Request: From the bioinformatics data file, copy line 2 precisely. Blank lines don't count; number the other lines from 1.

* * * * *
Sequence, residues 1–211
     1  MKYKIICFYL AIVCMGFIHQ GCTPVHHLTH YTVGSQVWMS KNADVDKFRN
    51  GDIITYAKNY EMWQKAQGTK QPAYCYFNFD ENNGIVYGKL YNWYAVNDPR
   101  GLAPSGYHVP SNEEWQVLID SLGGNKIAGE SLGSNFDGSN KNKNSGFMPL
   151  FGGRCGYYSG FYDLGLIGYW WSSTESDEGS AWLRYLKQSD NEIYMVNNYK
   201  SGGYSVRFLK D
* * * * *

     1  MKYKIICFYL AIVCMGFIHQ GCTPVHHLTH YTVGSQVWMS KNADVDKFRN